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Keeping livestock nourished despite hay shortage

By Alayna DeMartini • Jul 16, 2019 at 8:00 AM

Less salad, more carbs and proteins.

That’s counter to what many say is right for our diet. But for cows and other livestock, that’s the direction in which their diets are likely to shift. Farmers are trying to keep their animals well fed amid a Midwest shortage in hay and other grasses grown for livestock to eat.

“They have to start cutting back right now,” said Bill Weiss, dairy nutritionist with The Ohio State University College of Food, Agricultural, and Environmental Sciences (CFAES).

Cutting back doesn’t mean the animals will have to eat less. It means they might need to eat more alternatives to the higher amounts of fiber they typically get.

So, for example, if hay, which is high in fiber, normally makes up about half the diet for a dairy cow or other animal, some of that hay could be substituted with, say, cottonseed — what’s left of a cotton plant once the cotton fibers are removed, Weiss said.

Farmers might also feed their livestock additional grain (protein and carbohydrates) and less of the fibrous (saladlike) portions of various plants, Weiss said.

“It’s what we have to do,” he said.

Before making any changes in what their animals are fed, livestock owners should consult with a nutritionist, Weiss said.

While humans can live reasonably OK without much fiber, which just passes through our bodies, cattle cannot. They need it. About one-third of their diet should be fiber, which provides them energy and keeps their digestive systems healthy.

Many farmers across Ohio are considering different diet options for their livestock because the state’s hay supply is the lowest since the 2012 drought, and the fourth lowest in 70 years. And the persistent spring rain during Ohio’s wettest yearlong period on record did not allow much hay to be cut in time for it to be the highest quality.

Dairy cows are particularly affected. Most dairy farmers feed their cows large amounts of corn silage, which is made by chopping the entire corn plant and letting it ferment in a silo. But the wet spring has delayed or prevented the planting of corn, a key ingredient in a lot of livestock feed. So, with fewer corn acres expected to be planted and an already low supply of hay, farmers are scrambling to plant other crops to feed their animals, such as cool-season grasses including oats and cereal rye.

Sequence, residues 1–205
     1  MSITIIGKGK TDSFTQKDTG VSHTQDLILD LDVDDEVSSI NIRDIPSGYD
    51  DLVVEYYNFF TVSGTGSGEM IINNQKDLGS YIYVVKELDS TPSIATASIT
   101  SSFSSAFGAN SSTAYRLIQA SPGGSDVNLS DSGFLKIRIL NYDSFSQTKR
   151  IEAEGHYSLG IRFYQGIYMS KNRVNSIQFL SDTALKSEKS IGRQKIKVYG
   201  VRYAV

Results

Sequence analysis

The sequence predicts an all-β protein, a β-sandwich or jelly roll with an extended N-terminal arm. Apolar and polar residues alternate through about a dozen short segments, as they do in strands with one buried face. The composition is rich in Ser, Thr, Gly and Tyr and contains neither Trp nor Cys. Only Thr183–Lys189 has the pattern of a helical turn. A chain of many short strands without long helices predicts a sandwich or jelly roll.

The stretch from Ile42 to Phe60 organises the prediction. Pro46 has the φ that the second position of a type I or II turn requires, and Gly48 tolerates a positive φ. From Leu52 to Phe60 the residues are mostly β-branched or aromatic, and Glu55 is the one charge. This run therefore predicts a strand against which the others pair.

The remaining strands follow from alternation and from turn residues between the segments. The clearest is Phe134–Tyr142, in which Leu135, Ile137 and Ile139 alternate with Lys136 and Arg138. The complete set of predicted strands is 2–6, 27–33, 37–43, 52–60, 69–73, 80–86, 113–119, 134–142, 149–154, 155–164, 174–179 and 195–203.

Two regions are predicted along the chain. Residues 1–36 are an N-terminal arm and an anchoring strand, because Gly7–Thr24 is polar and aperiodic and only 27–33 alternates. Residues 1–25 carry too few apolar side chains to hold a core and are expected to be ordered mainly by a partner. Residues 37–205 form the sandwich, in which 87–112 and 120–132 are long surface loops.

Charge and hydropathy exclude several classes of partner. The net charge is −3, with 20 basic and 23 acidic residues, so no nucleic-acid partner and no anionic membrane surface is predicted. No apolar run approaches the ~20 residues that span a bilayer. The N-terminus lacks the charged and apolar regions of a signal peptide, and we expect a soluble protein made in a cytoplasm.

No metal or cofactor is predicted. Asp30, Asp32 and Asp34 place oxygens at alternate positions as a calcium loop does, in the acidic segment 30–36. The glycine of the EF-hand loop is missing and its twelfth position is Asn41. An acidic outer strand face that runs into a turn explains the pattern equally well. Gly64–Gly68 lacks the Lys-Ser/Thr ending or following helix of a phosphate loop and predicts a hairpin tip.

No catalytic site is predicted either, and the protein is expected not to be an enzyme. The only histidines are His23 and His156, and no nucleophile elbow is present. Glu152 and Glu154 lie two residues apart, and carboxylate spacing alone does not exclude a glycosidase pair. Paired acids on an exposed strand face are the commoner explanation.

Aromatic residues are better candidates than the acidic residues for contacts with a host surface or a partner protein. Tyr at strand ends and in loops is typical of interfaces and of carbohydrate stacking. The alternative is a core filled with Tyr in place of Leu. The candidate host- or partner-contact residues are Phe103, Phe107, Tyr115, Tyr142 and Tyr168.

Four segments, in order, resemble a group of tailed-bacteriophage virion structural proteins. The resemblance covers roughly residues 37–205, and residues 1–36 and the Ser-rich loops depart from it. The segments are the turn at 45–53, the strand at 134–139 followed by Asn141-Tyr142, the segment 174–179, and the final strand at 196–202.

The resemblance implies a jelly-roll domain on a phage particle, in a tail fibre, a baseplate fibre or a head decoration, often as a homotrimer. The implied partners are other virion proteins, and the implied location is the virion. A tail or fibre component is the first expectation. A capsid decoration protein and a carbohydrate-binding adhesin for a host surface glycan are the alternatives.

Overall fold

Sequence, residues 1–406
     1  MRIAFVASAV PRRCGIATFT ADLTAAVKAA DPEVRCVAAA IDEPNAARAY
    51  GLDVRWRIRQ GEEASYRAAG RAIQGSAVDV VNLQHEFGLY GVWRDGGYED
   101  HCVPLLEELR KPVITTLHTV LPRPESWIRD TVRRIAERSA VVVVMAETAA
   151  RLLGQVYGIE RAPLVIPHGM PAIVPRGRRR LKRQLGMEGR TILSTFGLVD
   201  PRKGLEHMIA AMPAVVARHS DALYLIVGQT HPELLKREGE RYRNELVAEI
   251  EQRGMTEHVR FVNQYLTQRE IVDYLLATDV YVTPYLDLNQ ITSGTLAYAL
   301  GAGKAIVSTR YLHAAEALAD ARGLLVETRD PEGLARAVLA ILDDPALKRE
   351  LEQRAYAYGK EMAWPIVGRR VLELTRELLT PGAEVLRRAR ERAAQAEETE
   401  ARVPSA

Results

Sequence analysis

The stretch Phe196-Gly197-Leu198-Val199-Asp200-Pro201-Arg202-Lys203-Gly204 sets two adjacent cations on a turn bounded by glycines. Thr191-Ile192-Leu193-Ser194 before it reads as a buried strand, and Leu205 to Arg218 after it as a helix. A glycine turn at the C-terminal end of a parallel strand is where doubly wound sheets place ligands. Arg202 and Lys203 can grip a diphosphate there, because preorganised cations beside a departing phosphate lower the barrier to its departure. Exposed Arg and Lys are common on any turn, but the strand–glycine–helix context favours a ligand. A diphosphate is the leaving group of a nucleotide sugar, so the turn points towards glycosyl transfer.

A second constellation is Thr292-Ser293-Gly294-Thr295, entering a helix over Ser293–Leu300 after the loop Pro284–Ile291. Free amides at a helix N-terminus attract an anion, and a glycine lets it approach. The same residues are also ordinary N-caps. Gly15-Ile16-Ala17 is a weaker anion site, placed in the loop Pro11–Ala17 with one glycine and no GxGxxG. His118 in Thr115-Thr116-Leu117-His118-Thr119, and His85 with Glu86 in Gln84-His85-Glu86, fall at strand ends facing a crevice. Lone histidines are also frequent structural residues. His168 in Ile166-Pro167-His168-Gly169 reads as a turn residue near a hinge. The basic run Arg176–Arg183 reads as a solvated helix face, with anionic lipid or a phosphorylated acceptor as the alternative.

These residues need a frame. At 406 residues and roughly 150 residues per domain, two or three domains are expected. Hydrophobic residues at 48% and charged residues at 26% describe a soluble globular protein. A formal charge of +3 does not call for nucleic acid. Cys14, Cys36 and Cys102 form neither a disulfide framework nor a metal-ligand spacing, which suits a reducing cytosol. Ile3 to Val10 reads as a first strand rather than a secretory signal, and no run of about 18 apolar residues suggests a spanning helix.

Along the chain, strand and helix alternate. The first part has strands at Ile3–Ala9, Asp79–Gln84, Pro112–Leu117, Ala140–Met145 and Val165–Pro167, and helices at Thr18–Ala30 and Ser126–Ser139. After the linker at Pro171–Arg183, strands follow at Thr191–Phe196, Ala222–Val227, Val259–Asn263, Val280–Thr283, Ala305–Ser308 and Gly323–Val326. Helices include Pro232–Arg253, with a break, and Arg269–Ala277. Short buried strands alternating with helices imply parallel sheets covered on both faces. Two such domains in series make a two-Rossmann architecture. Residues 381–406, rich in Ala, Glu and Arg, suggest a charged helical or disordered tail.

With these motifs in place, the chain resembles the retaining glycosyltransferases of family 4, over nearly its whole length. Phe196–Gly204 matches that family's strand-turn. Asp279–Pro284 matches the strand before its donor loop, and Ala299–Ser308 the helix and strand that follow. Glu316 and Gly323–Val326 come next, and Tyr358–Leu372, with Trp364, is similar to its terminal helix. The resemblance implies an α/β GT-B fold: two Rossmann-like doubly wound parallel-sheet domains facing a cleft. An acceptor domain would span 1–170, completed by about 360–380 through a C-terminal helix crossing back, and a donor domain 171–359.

“Timing is critical here,” Weiss said.

Some of the options being considered for animal feed are grasses such as sorghum and sorghum-sudangrass, and other warm-season summer annuals. If planted soon, they can be harvested September through early October and then fed to animals.

“These feed options are not as nutritious as conventional ones,” Weiss said. “But we can make them work.”

Farmers wanting to plant summer annuals to feed their livestock need to do so before July 15 in order to have enough of a warm growing season to grow and to be able to harvest before frost arrives, said Mark Sulc, a CFAES forage specialist.

Other cool-season crops can be planted a little later, starting the last week of July and into August, Sulc said. These include oats and spring triticale, which will be ready for harvest starting in early October and into November. Oats and spring triticale can also be planted in mixtures with cereal rye, which has the advantage of being able to survive the winter and will produce animal feed early next spring.

Since many farmers will be planting these annual crops for the first time this year, it’s critical for growers to know the requirements for each type to produce sizeable yields, Sulc said.

The flurry of planting annual crops for livestock feed “will help the shortage, but it’s not going to solve it completely,” he said. “We can’t grow enough this year to supply the entire demand. That’s why we need to consider alternative fiber sources.”

For more information on forage options, visit go.osu.edu/forages.

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